If your soil pH is too high (alkaline), you can lower it by adding organic matter like peat moss or sulfur. If it’s too low (acidic), adding lime can help raise the pH.

3. Cut and Cure

Cut the seed potatoes into pieces, ensuring each piece has at least one or two eyes (sprouts). Allow the pieces to cure for a few days in a cool, dry place to form a callus over the cuts, which helps prevent rotting.

4. Planting

Plant the seed potatoes about 3-4 inches deep and 12 inches apart, with the eyes facing up. Rows should be spaced about 3 feet apart. If you’re planting in containers, ensure they are deep enough to accommodate the growth of the tubers.

5. Watering

Water the potatoes consistently, keeping the soil moist but not waterlogged. Aim for about 1-2 inches of water per week. Reduce watering as the plants mature to prevent rot.

6. Hilling

When the plants reach about 6-8 inches in height, mound soil around the base of the plants. This process, known as hilling, supports the plants and encourages tuber formation. Continue hilling as the plants grow, aiming to cover the lower leaves and providing more room for potatoes to develop.

7. Harvesting

Determining Readiness: Potatoes are typically ready to harvest when the plants start to flower, and the foliage begins to yellow and die back. For new potatoes, harvest shortly after flowering. For mature potatoes, wait until the foliage has completely died back.

Harvest Process:

  1. Loosen the Soil: Use a garden fork or spade to gently loosen the soil around the plants.
  2. Lift the Plants: Carefully lift the plants from the ground, taking care not to damage the tubers.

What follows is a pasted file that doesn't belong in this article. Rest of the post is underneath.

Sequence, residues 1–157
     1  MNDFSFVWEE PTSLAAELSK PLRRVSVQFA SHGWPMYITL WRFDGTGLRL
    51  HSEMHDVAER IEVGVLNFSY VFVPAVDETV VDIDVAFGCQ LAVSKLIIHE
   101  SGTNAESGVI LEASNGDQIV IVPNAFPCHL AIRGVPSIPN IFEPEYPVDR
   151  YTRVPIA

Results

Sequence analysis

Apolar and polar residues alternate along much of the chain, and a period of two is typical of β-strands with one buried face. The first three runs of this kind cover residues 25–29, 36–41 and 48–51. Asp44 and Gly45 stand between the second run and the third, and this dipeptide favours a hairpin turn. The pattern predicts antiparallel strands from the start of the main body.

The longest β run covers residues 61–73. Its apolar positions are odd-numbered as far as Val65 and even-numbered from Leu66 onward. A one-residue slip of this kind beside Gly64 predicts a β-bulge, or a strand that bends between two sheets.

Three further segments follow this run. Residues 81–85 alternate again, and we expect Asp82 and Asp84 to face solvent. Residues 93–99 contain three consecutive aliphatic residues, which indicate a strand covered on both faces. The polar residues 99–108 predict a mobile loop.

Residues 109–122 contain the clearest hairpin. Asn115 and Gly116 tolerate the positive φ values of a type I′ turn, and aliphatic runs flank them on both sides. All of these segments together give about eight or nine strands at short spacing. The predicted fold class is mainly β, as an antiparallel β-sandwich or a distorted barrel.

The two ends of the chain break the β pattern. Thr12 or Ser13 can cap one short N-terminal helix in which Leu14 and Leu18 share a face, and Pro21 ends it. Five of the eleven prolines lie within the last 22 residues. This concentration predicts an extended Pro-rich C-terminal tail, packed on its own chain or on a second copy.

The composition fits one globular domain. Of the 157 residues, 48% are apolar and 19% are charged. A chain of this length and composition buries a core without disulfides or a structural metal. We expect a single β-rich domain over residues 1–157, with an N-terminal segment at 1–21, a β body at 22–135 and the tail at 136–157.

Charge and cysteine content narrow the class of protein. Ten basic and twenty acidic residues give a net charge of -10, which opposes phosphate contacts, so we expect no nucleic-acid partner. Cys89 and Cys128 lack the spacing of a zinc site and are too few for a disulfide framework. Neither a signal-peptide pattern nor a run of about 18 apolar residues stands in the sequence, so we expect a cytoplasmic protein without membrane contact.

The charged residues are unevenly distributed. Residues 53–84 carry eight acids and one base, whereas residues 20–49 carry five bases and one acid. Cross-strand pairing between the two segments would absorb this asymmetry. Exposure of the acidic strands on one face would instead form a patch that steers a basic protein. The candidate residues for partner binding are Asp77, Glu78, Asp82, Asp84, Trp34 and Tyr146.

3. Collect the Potatoes: Brush off excess soil and let the potatoes air dry for a few hours.

8. Storing

After harvesting, let the potatoes cure in a cool, dark place for about two weeks. This helps toughen their skin for storage. Store the cured potatoes in a cool, dark, and well-ventilated area, ideally at temperatures between 45-55°F (7-13°C). Avoid storing them near onions, as the gases they emit can cause both to spoil more quickly.


Potatoes are a powerhouse in the garden and kitchen. They offer numerous health benefits and are a reliable food source. While you might not find yourself marooned on Mars growing potatoes in your own excrement, cultivating them here on Earth ensures food security and provides delicious, nutritious options for your meals. Embrace the power of potatoes and enjoy the satisfaction of growing your own.

For those interested in sustainable living, Modern Homestead offers innovative solutions that strike a balance between sustainable living and comfortable home environments. From green building materials like Suber Shield and Silver Ion Health Paint to modular homes designed with food security systems and water generators powered by solar energy, we’re leading the charge in homestead innovation. So, while the tiny home might strike a chord for some, remember that your options for sustainable and comfortable living are vast and varied. Happy planting!